GRU is the English transliteration of the Russian acronym ГРУ, which stands for "Главное Разведывательное Управление" (Glavnoje Razvedyvatel'noje Upravlenije), meaning Main Intelligence Directorate. The full name is GRU GSh (GRU Generalnovo Shtaba (or "GenShtaba"), i.e. "GRU of the General Staff").
The GRU is Russia's largest intelligence agency. It deploys six times as many agents in foreign countries as the SVR which is the KGB intelligence successor. It also commanded 25,000 spetsnaz troops in 1997.
The current GRU Director is General Valentin Vladimirovich Korabelnikov.
The GRU was created in 1918 by Lenin, and given the task of handling all military intelligence. It operated residencies all over the world, along with the SIGINT (signals intelligence) station, in Lourdes, Cuba (22.995° N 82.464° W), and throughout the former Soviet bloc countries, especially in Lithuania, Latvia, and Estonia.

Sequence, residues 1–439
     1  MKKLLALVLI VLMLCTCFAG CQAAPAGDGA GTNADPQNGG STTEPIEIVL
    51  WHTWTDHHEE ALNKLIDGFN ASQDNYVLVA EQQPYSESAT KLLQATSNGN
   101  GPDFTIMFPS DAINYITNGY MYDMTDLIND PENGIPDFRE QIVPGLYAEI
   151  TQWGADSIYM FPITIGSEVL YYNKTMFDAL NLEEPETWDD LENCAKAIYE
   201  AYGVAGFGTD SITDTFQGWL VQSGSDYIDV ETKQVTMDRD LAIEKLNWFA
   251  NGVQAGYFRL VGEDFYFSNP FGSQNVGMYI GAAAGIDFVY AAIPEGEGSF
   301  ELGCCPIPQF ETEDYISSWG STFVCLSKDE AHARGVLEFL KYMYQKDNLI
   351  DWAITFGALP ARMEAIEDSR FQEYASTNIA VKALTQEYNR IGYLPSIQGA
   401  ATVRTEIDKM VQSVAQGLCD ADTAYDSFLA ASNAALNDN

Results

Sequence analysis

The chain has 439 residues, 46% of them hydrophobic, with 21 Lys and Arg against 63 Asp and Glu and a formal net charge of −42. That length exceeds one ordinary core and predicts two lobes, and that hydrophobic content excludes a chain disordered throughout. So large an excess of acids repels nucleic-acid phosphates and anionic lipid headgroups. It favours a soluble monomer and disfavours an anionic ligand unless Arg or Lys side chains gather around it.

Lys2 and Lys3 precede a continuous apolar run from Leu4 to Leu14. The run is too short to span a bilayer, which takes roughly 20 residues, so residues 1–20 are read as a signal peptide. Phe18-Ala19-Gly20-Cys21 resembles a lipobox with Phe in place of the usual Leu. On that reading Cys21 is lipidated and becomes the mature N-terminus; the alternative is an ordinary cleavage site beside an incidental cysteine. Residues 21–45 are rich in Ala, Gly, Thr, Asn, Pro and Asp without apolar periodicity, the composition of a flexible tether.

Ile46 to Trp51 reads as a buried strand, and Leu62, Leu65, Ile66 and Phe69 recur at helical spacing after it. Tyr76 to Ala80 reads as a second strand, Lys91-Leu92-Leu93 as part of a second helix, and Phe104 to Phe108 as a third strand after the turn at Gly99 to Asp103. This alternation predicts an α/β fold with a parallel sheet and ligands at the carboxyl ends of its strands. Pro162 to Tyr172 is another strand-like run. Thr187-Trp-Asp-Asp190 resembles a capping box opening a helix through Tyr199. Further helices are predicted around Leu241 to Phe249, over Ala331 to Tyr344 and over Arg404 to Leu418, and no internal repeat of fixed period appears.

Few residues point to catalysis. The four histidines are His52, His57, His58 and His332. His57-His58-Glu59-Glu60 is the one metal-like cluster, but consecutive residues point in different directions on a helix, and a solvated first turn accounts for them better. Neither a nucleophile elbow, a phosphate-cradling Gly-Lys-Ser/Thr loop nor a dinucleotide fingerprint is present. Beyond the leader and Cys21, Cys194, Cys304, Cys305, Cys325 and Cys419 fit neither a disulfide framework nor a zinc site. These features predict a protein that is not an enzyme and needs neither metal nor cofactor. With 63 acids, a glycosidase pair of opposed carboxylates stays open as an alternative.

The GRU was well-known in the Soviet government for its fierce independence from rival power blocs, even the CPSU and KGB. At the time of the GRU's creation, Lenin infuriated the Cheka (predecessor of the KGB) by ordering it not to interfere with the GRU's operations. Nonetheless, the Cheka infiltrated the GRU in 1919. This planted the seed for a fierce rivalry between the two agencies, which were both engaged in espionage, and was even more intense than the rivalry between the FBI and CIA in America at that time.
The existence of the GRU was not publicized during the Soviet era. It became widely known in Russia, and the West outside the narrow confines of the intelligence community, during perestroika, in part thanks to the writings of "Viktor Suvorov" (Vladimir Rezun), a GRU agent who defected to Britain in 1978, and wrote about his experiences in the Soviet military and intelligence services. According to Suvorov, even the General Secretary of the Communist Party of the Soviet Union couldn't enter GRU headquarters without going through a security screening.
The GRU is still a very important part of the Russian Federation's intelligence services, especially since it was never split up like the KGB was. The KGB was dissolved after aiding a failed coup in 1991 against the then Soviet leader Mikhail Gorbachev. It has since been divided into the SVR (Foreign Intelligence Service) and the FSB (Federal Security Service).